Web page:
I was waiting until the needed riposte was registered by an authoritative figure in the know, before I spoke to the issue of Mr. Samuel Okudzeto-Ablakwa's caustic accusation of Mr. Kwadwo Mpiani for being possibly liable for causing financial loss to the State of Ghana, a felony crime that is punishable by a remarkable span of imprisonment (See “Okudzeto Begged for Isofoton to Be Paid” Ghanaweb.com 7/12/12).
I was biding my time, because I know the Deputy Information Minister is a congenital liar. I just did not have the facts handily to expose him for the political and ideological nuisance that this young worm is. Don't fault me for calling this 30-year-old upstart a worm, for this grub has yet to establish his economic and professional significance on our national political landscape, besides his regular reception of a quite decent sinecure.
Let us also get a few things promptly out of the way. First of all, I am not a registered card-carrying member of the main opposition New Patriotic Party (NPP). Actually I was, briefly, for a period of seven months between mid-2007 and early 2008, when I was rudely shoved off by the Edweso (Ejisu) faction and Amen-Corner of the New Patriotic Party. But as a firm believer in the high-minded ideals of Drs. Danquah and Busia and, of course, Mr. S. D. Dombo, I have often felt reasonably compelled to defend some key operatives of the NPP, including Mr. Mpiani, the former chief-of-staff to ex-President John Agyekum-Kufuor, whose tenure as the right-hand man of the former president did not particularly impress me one bit. I shall, however, not detail why I found Mr. Mpiani's managerial skills at the presidency to be rather vindictive and crassly undiplomatic, for the most part.
What is clear in the case in which Isofoton, the Spain-based manufacturer of agricultural implements, had its contract summarily abrogated, largely on ideological grounds, it appears, is that there clearly appears to be both an “ungentlemanly” and an “unholy” alliance between key operatives of the National Democratic Congress (NDC) and the New Patriotic Party into indiscriminately scamming the Ghanaian taxpayer. It is the same “dirty philosophy” that undergirds the insufferably corrupt ritualistic policy of awarding patently undeserved gratuity packages to the members of our national assembly every four years.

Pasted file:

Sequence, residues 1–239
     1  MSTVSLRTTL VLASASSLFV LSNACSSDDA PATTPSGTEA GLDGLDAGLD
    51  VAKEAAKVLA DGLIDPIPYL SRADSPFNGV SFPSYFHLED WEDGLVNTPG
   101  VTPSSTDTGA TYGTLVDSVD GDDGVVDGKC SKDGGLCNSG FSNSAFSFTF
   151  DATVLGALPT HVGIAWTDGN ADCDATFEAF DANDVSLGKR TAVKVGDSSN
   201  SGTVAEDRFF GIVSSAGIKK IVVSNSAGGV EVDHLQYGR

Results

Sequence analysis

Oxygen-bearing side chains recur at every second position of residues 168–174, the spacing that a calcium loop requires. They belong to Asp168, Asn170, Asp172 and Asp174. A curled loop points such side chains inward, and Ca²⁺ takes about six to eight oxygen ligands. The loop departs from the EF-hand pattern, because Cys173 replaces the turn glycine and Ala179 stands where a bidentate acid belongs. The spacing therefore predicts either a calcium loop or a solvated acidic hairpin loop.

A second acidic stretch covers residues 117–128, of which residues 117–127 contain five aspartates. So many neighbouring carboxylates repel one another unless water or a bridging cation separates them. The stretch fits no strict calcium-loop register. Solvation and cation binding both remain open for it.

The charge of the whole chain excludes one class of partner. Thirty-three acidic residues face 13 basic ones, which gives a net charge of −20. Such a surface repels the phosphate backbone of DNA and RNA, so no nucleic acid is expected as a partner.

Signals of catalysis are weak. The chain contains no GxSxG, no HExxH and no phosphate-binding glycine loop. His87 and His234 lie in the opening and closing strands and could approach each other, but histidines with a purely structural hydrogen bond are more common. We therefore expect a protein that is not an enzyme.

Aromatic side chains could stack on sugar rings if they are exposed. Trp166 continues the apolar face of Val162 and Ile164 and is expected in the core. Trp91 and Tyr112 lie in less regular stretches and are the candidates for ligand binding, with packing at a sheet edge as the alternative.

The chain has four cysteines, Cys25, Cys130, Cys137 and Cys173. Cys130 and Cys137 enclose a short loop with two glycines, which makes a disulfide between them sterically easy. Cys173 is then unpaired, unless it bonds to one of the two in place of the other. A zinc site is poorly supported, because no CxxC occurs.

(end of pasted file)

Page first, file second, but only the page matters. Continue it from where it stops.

I have recently come to the firm conclusion that about the only way to radically stem this humongous tide of corruption, is for Ghanaian civil servants to equally insist on being paid gratuities every four years, as well as being awarded auto loans, like our do-nothing parliamentarians, quadrennially. Indeed, as Mr. Martin Amidu, the recently ousted Attorney-General and Minister of Justice aptly observes, it is precisely because the stinky regime of judgment debts has unsavorily come to occupy center-stage of Ghanaian politics that Mr. Okudzeto-Ablakwa is able to so brazenly and rudely accuse Mr. Mpiani of being liable for causing financial loss to the State when, in reality, the Deputy Information Minister clearly appears to stand to gain, either materially or monetarily, from fronting and shamelessly advocating for large sums of compensations to be paid to foreign contractors whose contracts are alleged to have been summarily abrogated, on the gratuitous grounds of shifts in executive ideologies on our national political landscape.
In the case of Isofoton, Mr. Okudzeto-Ablakwa needs to be subpoenaed before a legitimately constituted court of law to explain why, as Mr. Amidu alleges and Mr. Okudzeto-Ablakwa concurs, the Deputy Information Minister felt the need or obligation to pressure the ousted Attorney-General into awarding the sum of $1.3 million to the Isofoton contractors and/or proprietors. I guess what I am driving at here is an independent investigation and enquiry into the entire judgment-debt scam, particularly the history of this clearly insane and inane practice in Ghana, and the extent of the same, retroactive from 1992.
In brief, this heinous crime against Ghanaian humanity ought to be criminalize with the exaction of severe penalties, if our national resources are to be sensibly mobilized for the rapid and salutary development of the country. It is also that Ghana's foreign donors and their representatives on the ground, as it were, are studiously observing events surrounding this so-called judgment debt scam-artistry, and will have something meaningful to say and/or do about the same in the offing.
*Kwame Okoampa-Ahoofe, Jr., Ph.D., is Associate Professor of English, Journalism and Creative Writing at Nassau Community College of the State University of New York, Garden City. He is Director of The Sintim-Aboagye Center for Politics and Culture and author of “Ghanaian Politics Today” (Lulu.com, 2008). E-mail: [email protected]